For the first time hundreds of people of different ethnic backgrounds have marched together in the northern Bosnian city of Prijedor.
The remembrance ceremony marked the day in 1992 when Serbs forced Muslim residents to wear white armbands to mark them out.
More than three thousand died in operations during the Yugoslav wars in what became known as ‘ethnic cleansing’. After Srebrenica, Prijedor suffered the second worst massacre during the conflict which led to the break up of Yugoslavia.
Amira Huskic who joined the gathering recalled the pain of the past:
“Everybody knows that we enjoyed no rights here, that we had been expelled from here. It is hard because I remember when we had to wear white armbands when we went outside so that everybody would know who we were. It is a bit easier now because we are free and I am not ashamed because I have to wear this.”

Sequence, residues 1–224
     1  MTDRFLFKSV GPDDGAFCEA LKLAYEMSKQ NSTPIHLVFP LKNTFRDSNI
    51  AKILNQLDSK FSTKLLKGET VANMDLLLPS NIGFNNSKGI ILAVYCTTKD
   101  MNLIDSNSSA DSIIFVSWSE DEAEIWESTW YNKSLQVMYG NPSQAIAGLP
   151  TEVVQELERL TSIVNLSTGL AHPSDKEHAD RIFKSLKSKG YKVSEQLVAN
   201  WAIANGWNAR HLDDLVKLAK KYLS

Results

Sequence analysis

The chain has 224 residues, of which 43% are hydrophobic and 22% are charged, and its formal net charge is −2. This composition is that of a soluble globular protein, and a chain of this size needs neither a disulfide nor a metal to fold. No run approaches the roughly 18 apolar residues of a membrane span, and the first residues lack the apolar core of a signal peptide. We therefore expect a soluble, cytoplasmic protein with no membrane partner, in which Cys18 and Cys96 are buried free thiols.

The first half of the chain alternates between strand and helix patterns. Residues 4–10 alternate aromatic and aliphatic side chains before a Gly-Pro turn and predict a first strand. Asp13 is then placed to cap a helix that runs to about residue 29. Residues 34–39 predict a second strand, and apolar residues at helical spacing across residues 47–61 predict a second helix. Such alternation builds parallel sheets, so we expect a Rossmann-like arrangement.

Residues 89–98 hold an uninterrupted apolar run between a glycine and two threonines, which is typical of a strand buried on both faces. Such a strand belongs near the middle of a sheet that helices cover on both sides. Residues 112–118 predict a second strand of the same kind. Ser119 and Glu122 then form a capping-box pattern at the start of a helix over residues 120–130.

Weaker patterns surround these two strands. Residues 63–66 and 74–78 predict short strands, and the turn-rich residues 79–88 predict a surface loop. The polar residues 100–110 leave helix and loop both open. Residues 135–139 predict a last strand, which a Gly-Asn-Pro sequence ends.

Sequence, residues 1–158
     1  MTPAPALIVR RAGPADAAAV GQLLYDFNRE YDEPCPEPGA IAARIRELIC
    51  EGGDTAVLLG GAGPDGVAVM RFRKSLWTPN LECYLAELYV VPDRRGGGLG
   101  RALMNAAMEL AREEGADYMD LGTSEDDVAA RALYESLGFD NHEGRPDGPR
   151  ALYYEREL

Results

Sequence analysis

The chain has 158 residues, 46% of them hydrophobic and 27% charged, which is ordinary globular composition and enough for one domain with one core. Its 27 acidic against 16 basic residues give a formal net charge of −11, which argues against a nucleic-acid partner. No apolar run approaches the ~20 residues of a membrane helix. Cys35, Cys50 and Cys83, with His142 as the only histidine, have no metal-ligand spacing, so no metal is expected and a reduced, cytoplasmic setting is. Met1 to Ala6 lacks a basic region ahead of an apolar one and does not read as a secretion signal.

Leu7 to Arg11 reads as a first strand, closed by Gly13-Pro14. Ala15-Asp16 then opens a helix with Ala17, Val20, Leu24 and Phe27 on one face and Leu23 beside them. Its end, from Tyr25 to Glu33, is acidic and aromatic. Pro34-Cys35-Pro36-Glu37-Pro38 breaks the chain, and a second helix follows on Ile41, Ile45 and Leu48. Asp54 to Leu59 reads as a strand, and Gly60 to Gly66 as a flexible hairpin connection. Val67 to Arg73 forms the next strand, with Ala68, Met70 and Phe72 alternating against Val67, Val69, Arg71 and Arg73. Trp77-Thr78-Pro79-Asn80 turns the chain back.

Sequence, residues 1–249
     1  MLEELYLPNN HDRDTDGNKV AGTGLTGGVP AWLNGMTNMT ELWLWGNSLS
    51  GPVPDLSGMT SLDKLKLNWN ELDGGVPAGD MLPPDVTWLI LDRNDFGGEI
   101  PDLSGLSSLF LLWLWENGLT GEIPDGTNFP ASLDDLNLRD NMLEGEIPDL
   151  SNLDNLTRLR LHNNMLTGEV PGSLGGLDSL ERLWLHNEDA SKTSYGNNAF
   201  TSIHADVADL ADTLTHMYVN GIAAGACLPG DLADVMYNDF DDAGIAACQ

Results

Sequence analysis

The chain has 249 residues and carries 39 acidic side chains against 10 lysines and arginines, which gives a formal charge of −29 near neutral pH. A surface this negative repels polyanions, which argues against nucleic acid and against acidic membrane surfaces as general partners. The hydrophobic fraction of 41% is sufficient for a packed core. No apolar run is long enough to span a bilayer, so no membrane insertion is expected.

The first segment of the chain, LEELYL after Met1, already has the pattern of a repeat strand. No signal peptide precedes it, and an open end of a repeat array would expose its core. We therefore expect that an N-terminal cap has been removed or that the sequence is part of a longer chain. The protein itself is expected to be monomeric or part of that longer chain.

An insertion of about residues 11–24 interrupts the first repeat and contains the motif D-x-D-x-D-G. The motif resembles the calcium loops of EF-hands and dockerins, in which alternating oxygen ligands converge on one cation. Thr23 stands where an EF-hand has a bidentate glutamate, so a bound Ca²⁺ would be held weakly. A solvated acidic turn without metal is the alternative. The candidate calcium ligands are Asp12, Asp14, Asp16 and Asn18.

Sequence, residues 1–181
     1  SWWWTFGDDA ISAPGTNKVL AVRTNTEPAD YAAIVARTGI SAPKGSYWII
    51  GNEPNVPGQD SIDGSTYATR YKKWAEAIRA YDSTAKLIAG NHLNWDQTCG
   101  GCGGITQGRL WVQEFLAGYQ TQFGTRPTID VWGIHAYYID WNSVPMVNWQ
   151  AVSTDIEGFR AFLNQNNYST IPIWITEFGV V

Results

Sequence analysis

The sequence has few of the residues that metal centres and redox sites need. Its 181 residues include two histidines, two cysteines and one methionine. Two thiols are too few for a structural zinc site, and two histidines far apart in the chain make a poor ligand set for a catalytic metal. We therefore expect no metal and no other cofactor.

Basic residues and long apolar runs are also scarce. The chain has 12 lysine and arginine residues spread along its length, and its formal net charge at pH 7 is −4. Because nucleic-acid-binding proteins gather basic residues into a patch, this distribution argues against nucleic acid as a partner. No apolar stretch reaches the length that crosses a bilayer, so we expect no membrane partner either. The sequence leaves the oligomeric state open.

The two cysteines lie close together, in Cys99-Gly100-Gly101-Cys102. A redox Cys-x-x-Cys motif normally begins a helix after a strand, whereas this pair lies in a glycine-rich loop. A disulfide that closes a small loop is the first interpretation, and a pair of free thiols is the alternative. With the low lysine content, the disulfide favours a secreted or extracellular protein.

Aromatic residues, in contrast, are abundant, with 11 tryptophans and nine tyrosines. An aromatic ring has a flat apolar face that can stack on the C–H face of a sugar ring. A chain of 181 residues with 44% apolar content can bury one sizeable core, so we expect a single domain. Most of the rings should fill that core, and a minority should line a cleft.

The gathering also acted as a protest against the Serb authorities running the town. They regularly ban commemorative events and continue to deny war crimes occurred there two decades ago.
Participants also condemned the Hague’s UN court ruling to acquit two former allies of late Serbian President Slobodan Milosevic of setting up and arming notorious Serb paramilitary gangs.
In 2003, the International Criminal Tribunal for the Former Yugoslavia had found high-ranking Bosnian Serb politician Milomir Stakić guilty of war crimes conducted by Serb authorities in Prijedor in 1992.